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BUS237 - Chp 12 Summary.pdf

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Business Administration
BUS 237
Kamal Masri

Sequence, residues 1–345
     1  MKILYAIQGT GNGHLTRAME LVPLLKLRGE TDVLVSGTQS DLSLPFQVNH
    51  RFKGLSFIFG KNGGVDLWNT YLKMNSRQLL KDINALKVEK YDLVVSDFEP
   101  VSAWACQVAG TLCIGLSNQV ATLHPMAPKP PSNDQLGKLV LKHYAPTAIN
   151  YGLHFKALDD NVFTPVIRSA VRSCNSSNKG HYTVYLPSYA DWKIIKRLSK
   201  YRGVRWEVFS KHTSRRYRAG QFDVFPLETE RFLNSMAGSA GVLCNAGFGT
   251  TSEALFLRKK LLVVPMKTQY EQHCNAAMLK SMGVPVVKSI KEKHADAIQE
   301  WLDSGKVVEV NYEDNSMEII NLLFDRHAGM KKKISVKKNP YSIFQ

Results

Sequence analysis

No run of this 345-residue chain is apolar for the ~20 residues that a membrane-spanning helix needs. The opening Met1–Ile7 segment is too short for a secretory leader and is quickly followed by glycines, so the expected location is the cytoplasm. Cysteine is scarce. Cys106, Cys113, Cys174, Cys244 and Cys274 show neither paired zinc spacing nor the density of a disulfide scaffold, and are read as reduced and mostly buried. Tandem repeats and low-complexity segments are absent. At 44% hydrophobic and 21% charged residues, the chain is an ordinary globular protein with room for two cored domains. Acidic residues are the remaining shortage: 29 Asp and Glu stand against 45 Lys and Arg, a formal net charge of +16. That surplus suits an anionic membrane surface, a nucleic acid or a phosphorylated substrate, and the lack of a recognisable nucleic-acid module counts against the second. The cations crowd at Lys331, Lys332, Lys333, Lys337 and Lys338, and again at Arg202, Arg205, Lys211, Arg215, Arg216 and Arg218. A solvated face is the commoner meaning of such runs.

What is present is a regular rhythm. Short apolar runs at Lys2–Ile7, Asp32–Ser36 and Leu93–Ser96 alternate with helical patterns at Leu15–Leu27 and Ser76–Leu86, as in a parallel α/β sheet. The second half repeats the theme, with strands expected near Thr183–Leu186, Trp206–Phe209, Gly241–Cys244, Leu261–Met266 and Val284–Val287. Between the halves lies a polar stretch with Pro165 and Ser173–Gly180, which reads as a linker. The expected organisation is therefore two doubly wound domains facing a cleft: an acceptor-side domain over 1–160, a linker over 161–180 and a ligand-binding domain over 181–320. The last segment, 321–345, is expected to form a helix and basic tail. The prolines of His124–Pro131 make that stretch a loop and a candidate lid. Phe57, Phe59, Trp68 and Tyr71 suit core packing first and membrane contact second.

Chapter 12 Summary Managing Information Security and Privacy Q1: What is identity theft, and what can I do about it? Identity theft – vital info such as person’s name, address, date of birth, SIN, mother’s maiden name usually need to be acquired in order to complete impersonation • Identity theft one of fastest-growing crimes in Canada • Involves stealing, misrepresenting, or hijacking identity of another person/business Security Threats to Organizations Security threats – Problem w/ security of info or data therein, caused by human error, malicious activity, or natural disasters Three sources of security threats: 1. Human error and mistakes o Include accidental problems caused by employees / non-employees o Example: When employee misunderstands operating procedures and accidentally deletes customer records 2. Malicious human activity o Includes employees and others who intentionally destroy data or other system components o Also includes hackers who break into a system virus and worm writers who infect computer systems, and people who send millions of unwanted emails (spam) Spam – 3. Natural events and disasters o Includes fires, floods, hurricanes, earthquakes, tsunamis, avalanches, etc. o Problem: not only initial loss of capability and service, but also losses from actions to rover initial problem Threats by Type of Problem and Source: Source Human Error Malicious Activity Natural Disasters Unauthorized Procedural mistakes Pretexting Disclosure during data Phishing recovery disclosure Spoofing Sniffing Computer crime Incorrect data Procedural mistakes Hacking Incorrect data modification Incorrect Computer crime recovery procedures Ineffective Problem accounting controls System errors Faulty service Procedural mistakes Computer crime Service improperly Development and Usurpation restored installation errors Denial of Accidents DOS attacks Service interruption service Loss of Accidents Theft Property loss infrastructure Terrorist activity Protecting Yourself from Identity Theft (page 355) • List of simple things to do to limit risk of identity theft (from • Ask why our info is needed and how will the person use it • Buy a shedder and use it – shred all personal and financial info • Carry only ID and credit card(s) that you will need that day – no need to carry birth certificate, SIN card, health card, or passport • Cut up expired and unused credit cards • Don’t fill in forms for contests, rebates, or draws that ask for more info than you’re prepared to give • Use complex passwords • Don’t give personal info to anyone who phones/emails unless you know who they are • Destroy your old vehicle registration certificate when you get a new one PIPEDA Unauthorized Data Disclosure Unauthorized data disclosure – can occur by human error when someone inadvertently releases data in violation of policy Personal Information Protection and Electronic Documents Act (PIPEDA) – Canadian, gives individuals right to know why an organization collects, uses, or discloses personal info • Search engines also another source of inadvertent disclosure • Proprietary and personal data can be released maliciously Pretexting – Technique for gathering unauthorized info where someone pretends to be someone else; common scam involves telephone caller who pretends to be a credit card company Phishing – Also a form of pretexting; Technique for obtaining unauthorized data using pretexting via email; Phisher pretends to be legit company & sends email requesting confidential info Spoofing – When someone pretends to be someone else w/ intent of obtaining unauthorized Email spoofing – Synonym for phishing IP spoofing – Type of spoofing whereby intruder uses another site’s IP address for identity Sniffing – Technique for intercepting comp communications; requires physical connection to network with wired networks & no connection required with wireless networks Drive-by sniffers – People who take comps w/ wireless connections through an area and search for unprotected wireless networks in attempt to gain Internet access or to gather unauthorized data Incorrect Data Modification • Examples include incorrectly increasing customer’s discount or incorrectly modifying an employee’s salary, earned days of vacation, or annual bonus • Incorrect data can occur through human error when employees follow procedures incorrectly or when procures haven’t been correctly designed • Companies should ensure separation of duties and authorities and have multiple checks and balances in place • System errors also occur – i.e. lost-updated problem Hacking – occurs when a person gains unauthorized access to a computer system Faulty Service • Includes problems resulting because of incorrect system operation • Includes incorrect data modification, sending wrong goods to customer or ordered goods to wrong customer, incorrectly billing customers, sending wrong info to employees • Humans an cause fault service by making procedural mistakes • System developers can write programs incorrectly or make errors during installation, etc. Denial of Service Denial of service (DOS) – result of human error I following procedures or lack of procedures • Example: employees shutting down webs server or corporate gateway router by starting a computationally intensive app • DOS attacks often launched maliciously • Computer worms infiltrate a network w/ so much artificial traffic that system fails, resulting in DOS Loss of Infrastructure • Human examples can cause loss of infrastructure – i.e. bulldozer cutting fiber-topic cables • Theft and terrorist events also cause loss of infrastructure Q2: What are the elements of a security program? • Organizations must address security in a systematic way Security program has 3 components: 1. Senior management involvement o Has 2 critical security functions: o Must establish security policy o Mange risk by balancing costs and benefits of security program 2. Safeguards of various kinds o Safeguards = protection against security threats Hardware Software Data Procedure People Technical Safeguards Data Safeguards Human Safeguards • Identification and • Data rights and • Hiring authentication responsibilities • Training • Encryption • Passwords • Education • Firewalls • Encryption • Procedure design • Malware protection • Backup and • Administration • Application design recovery • Assessment • Physical • Compliance security • Accountability 3. Incident response o Discussed in Q7 Q3: How can technical safeguards protect against security threats? Technical safeguards - involve hardware and software components of an IS Identification and Authentication • Every IS should require some form of authentication Identification – Process whereby IS identifies user by requiring user to sign on w/ username & password Authentication – Process whereby an IS approves (authenticates) user by checking user’s password • Passwords have weaknesses such as o Users tend to be careless in their use o Users tend to be free in sharing passwords with others o Many servers choose ineffective, simple passwords • Intrusion systems can very effectively guess these easy passwords Smart Cards Smart card – plastic card that is similar to credit card, but has a microchip, which holds more data than a magnetic strip and is loaded with identifying data – users authenticate by entering PIN Personal identification number (PIN) – Form of authentication whereby user supplies number that only he/she knows Biometric Authentication Biometric authentication – uses personal physical characteristics (fingerprints, facial features, retinal scans) to authenticate users • Provides strong authentication • Required equipment is expensive • Users resist because usually feel it is invasive Single Sign-On for Multiple Systems • IS often require multiple sources of authentication • Today’s OS can authenticate to networks and other services • Example: SFU’s email, SIS system, WebCT, library system, etc. all use same user ID/pass Encryption and Firewalls • Refer to chapter 6 for firewalls and encryptions (VPN) Malware Protection Malware – viruses, worms, Trojan horses, spyware, and adware Spyware and Adware Spyware – programs installed on the user’s computer w/out the user’s knowledge or permission • Spyware resides in background and observes user’s actions/keystrokes, monitors computer activity, and reports activity to sponsoring organizations • Some spyware captures keystrokes to do identity theft Adware – similar to spyware b/c it’s installed w/out user’s permission and resides in background in order to observe user behaviour, but is more benign because does not perform malicious acts or steal data • Adware watches user activity and produces pop-up ads • Can also change user’s default window or modify search results • Can switch user’s search engine • Most part, is simply annoyin